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Neuroscience of Music - How Music Enhances Learning - Neuroplasticity

Neuroscience of Music - How Music Enhances Learning - Neuroplasticity
Neuroscience research into the neuroscience of music shows that musicians’ brains may be primed to distinguish meaningful sensory information from noise. This ability seems to enhance other cognitive abilities such as learning, language, memory and neuroplasticity of various brain areas. Scientific review of how music training primes nervous system and boosts learning Those ubiquitous wires connecting listeners to you-name-the-sounds from invisible MP3 players, whether of Bach, Miles Davis or, more likely today, Lady Gaga, only hint at music’s effect on the soul throughout the ages. Now a data-driven review by Northwestern University researchers that will be published July 20 in Nature Reviews Neuroscience pulls together converging research from the scientific literature linking musical training to learning that spills over to skills including language, speech, memory, attention and even vocal emotion. Contact: Pat Vaughan Tremmel Source: Northwestern University Related:  The human brain and the mindMusic

Welcome to the Possibilium Music psychology Music psychology, or the psychology of music, may be regarded as a branch of both psychology and musicology. It aims to explain and understand musical behavior and experience, including the processes through which music is perceived, created, responded to, and incorporated into everyday life.[1] Modern music psychology is primarily empirical; its knowledge tends to advance on the basis of interpretations of data collected by systematic observation of and interaction with human participants. Music psychology is a field of research with practical relevance for many areas, including music performance, composition, education, criticism, and therapy, as well as investigations of human aptitude, skill, intelligence, creativity, and social behavior. History[edit] Early history (pre-1860)[edit] Rise of an empirical music psychology (1860–1960)[edit] A brass, spherical Helmholtz resonator based on his original design, circa 1890-1900. Modern music psychology (1960–present)[edit] Research areas[edit]

Scientists claim brain memory code cracked Despite a century of research, memory encoding in the brain has remained mysterious. Neuronal synaptic connection strengths are involved, but synaptic components are short-lived while memories last lifetimes. This suggests synaptic information is encoded and hard-wired at a deeper, finer-grained molecular scale. In an article in the March 8 issue of the journal PLoS Computational Biology, physicists Travis Craddock and Jack Tuszynski of the University of Alberta, and anesthesiologist Stuart Hameroff of the University of Arizona demonstrate a plausible mechanism for encoding synaptic memory in microtubules, major components of the structural cytoskeleton within neurons. Microtubules are cylindrical hexagonal lattice polymers of the protein tubulin, comprising 15 percent of total brain protein. The standard experimental model for neuronal memory is long term potentiation (LTP) in which brief pre-synaptic excitation results in prolonged post-synaptic sensitivity.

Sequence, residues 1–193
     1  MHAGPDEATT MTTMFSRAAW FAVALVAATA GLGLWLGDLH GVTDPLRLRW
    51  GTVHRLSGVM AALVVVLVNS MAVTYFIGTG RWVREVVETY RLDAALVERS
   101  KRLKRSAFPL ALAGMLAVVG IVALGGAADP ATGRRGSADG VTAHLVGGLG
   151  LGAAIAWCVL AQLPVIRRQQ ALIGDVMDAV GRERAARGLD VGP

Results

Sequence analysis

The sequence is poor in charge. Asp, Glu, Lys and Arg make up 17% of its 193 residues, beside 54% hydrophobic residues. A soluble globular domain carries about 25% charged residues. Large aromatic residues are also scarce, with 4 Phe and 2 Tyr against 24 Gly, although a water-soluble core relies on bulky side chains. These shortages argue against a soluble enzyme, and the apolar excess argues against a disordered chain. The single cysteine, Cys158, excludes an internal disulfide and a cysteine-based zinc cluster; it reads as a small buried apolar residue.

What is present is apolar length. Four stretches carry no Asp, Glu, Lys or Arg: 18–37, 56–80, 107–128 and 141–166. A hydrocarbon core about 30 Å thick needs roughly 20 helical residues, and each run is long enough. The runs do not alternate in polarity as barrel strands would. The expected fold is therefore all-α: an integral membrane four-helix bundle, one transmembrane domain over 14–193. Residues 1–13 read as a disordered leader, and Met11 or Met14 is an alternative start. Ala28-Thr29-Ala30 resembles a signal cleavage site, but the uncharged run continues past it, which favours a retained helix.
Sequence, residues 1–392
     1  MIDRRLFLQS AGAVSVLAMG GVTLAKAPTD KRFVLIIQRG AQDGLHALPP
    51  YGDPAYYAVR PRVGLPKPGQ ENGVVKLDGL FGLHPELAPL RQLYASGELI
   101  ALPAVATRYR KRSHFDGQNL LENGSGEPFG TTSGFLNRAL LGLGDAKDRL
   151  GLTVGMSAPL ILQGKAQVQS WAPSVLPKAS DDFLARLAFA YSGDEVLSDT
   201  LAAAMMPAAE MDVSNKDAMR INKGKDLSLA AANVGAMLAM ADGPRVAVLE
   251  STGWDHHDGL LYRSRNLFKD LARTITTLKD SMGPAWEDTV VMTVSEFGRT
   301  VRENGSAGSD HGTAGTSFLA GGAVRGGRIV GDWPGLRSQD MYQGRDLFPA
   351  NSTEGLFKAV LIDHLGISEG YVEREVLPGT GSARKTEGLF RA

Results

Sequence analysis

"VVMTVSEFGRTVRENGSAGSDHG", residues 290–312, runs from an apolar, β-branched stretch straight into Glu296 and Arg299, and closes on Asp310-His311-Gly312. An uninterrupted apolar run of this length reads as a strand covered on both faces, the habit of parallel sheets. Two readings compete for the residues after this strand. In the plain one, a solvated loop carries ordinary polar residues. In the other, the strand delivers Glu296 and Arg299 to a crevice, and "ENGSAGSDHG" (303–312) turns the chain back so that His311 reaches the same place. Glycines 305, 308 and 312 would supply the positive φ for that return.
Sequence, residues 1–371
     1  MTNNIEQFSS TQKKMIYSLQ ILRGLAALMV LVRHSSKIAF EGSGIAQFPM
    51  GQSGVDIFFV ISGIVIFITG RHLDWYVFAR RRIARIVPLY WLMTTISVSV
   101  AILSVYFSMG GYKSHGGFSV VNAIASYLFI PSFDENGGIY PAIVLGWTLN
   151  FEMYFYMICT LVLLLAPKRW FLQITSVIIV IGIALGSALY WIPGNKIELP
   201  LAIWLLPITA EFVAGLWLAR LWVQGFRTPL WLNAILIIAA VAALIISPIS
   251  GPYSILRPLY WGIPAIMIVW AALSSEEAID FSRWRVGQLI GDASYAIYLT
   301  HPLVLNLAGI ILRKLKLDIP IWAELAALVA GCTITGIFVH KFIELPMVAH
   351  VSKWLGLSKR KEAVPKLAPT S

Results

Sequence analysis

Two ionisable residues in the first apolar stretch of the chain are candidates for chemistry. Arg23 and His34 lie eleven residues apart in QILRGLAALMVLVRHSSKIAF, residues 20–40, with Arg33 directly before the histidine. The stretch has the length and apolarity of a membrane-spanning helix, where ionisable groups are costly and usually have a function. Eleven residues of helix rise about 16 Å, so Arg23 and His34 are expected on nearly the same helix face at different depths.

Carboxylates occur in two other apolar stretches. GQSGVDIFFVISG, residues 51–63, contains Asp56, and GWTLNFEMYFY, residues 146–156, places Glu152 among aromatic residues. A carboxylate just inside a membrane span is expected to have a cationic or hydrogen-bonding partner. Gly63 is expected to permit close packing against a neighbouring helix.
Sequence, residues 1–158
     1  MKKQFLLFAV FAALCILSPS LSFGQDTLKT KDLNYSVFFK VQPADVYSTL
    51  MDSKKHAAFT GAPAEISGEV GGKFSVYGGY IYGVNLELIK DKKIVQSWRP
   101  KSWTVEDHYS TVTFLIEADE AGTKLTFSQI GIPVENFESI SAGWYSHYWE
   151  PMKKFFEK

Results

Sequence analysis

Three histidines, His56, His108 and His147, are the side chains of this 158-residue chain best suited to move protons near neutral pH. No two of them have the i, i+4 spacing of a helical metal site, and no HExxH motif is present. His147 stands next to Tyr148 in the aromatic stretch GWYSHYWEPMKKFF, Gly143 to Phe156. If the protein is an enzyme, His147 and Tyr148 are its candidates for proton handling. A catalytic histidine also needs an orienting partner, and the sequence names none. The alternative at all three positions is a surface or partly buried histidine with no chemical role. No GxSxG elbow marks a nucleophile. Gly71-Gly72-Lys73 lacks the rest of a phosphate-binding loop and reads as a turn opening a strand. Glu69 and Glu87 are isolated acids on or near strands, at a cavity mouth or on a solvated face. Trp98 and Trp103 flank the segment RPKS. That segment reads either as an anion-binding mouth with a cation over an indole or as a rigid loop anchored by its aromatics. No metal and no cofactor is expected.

The Soundtrack of Civilization: A Neuroscientist Looks at the Impact of Music on Human Nature Daniel Levitin dropped out of college in 1975 to join a rock band. He did it, he says, because it comforted the loneliness he felt being away from his home and friends that first year. He eventually returned to school and ended up with a Ph.D. in psychology, but not before he worked with some of the world’s most-notable rock artists as a session musician, commercial recording engineer, live sound engineer, and record producer—oh, and racking up 17 gold or platinum records along the way. Now a researcher and professor of neuroscience and music at McGill University in Montreal, Levitin combines his passion for music and the mind by peering into people’s brains to understand how we perceive and process the information in music, and theorizing about the role it played in the evolution of human culture and civilization. Levitin bases his argument on the fact that both our bodies and brains adapted from proto-humans over time. Only recently in human history has music become a profession.